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John Boehner Very Quietly Made A Major Move On Immigration Reform Today

Brett LoGiurato
John Boehner
John Boehner


House Speaker John Boehner announced on Tuesday the hire of Rebecca Tallent, a top immigration policy aide who will advise the Speaker on the topic.

Tallent joins Boehner's office from the Bipartisan Policy Center, where she was the director of immigration policy. Her hire — which was announced at the bottom of a press release along with other new staff additions — signals that there's still life for an immigration reform bill to become law sometime over the next year.

And it came two weeks after Boehner declared in a press conference that despite press pronouncements, immigration reform was "absolutely not dead."

Pro-immigration reform advocates that have been critical of Boehner hailed the move, while groups that have decried Senate-passed legislation as "amnesty" pushed back furiously.

"The Speaker remains hopeful that we can enact step-by-step, common-sense immigration reforms — the kind of reforms the American people understand and support," Michael Steel, a Boehner spokesman, said in an email.

"Becky Tallent, a well-known expert in this field of public policy, is a great addition to our team and that effort."

Prior to joining the BPC, Tallent was the point person on Sen. John McCain's (R-Ariz.) staff, often leading his various pushes for immigration. From the 108th to 110th Congresses, Tallent helped draft four major immigration-related bills while working for both McCain and Rep. Jim Kolbe (R-Ariz.) . She was also a policy adviser on McCain's 2008 presidential campaign.

Her move back to the Hill drew differing reactions from both sides of the immigration debate. Mark Krikorian, the executive director of the Center for Immigration Studies, said on Twitter that Boehner is "ready for amnesty."

Boehner also got praise from unlikely sources — like Marshall Fitz, the director of immigration policy at the left-leaning Center for American Progress.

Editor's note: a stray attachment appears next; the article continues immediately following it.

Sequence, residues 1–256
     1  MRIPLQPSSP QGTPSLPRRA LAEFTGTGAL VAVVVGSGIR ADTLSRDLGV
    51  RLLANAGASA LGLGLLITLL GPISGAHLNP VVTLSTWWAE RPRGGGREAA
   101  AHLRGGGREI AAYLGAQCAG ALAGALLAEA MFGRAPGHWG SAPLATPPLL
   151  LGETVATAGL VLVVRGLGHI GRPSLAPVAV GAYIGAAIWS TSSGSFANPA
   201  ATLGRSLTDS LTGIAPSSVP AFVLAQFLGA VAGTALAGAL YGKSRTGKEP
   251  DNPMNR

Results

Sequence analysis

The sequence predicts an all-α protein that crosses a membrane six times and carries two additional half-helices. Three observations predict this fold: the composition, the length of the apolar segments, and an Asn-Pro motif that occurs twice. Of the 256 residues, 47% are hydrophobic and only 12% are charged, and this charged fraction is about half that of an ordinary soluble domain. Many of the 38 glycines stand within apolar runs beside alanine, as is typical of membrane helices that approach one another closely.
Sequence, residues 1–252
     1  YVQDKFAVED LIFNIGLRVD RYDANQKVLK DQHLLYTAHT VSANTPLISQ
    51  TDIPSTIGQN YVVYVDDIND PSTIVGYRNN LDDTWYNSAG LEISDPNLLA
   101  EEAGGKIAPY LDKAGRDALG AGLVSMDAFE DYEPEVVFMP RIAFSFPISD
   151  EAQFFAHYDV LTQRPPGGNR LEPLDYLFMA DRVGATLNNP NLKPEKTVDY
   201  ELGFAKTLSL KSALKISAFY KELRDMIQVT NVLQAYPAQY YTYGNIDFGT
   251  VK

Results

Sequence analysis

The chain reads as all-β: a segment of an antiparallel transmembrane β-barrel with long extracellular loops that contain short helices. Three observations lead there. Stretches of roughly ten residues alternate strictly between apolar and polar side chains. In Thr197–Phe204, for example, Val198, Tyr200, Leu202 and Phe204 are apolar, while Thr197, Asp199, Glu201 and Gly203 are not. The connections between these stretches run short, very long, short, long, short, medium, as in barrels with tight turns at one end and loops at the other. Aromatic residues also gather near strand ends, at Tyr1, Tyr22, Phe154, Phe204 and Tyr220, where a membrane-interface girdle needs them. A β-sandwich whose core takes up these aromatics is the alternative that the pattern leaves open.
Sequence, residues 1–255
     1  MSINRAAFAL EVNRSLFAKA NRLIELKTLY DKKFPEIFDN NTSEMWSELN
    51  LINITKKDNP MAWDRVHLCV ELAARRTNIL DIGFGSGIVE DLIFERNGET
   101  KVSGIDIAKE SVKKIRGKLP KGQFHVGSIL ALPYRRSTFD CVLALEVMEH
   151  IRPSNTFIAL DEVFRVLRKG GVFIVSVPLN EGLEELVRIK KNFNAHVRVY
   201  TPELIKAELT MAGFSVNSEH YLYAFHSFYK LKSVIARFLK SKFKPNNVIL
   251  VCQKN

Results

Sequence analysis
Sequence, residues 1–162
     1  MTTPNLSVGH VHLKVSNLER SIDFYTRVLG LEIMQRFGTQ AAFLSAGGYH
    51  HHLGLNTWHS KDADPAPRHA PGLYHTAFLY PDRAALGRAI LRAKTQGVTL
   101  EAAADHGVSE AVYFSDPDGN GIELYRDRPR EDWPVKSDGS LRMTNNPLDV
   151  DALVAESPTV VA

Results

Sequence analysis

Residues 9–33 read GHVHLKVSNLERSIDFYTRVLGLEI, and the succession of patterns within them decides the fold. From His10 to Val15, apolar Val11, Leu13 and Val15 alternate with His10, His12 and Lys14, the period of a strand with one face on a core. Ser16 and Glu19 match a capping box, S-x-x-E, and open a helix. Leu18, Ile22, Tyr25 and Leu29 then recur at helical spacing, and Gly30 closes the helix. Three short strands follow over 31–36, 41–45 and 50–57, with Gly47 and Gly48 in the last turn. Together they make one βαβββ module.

"Hiring Becky is an important signal that the Speaker is serious about achieving a legislative result," Fitz told Business Insider in an email.

"He could have hired someone junior to simply manage the issue portfolio; that would have signaled that he was going in to a defensive crouch on the issue, just trying to run out the clock. But instead he hired someone senior with deep experience on the issue and a proven track record of effectively working across the aisle. In other words, he hired someone who knows how to get to yes."

Boehner and other members of House GOP leadership have long signaled that they believe something needs to be done to reform the nation's immigration system. But contra the comprehensive bipartisan Senate bill, they prefer to do so through a piecemeal method. Recently, President Barack Obama said he was open to that idea.

"If they want to chop that thing up into five pieces, as long as all five pieces get done, I don't care what it looks like," Obama said during an interview at The Wall Street Journal CEO Council.

Not everyone is convinced that Tallent's hiring means that a solution on immigration reform is imminent, however.

A spokeswoman for the Fair Immigration Reform Movement, a group that supports the Senate-passed bill, told Business Insider that the group has brought more than 40 children to Washington this week to lobby for immigration reform.

"The Speaker can call a vote at any time and immigration reform would pass," said Kica Matos, a spokeswoman for FIRM.

"The entire year has passed and he has completely failed all relevant tests of leadership on this issue. We want an end to family separations and the only move we want to see from the Speaker is a vote on a pathway to citizenship that would achieve an end to such suffering.”

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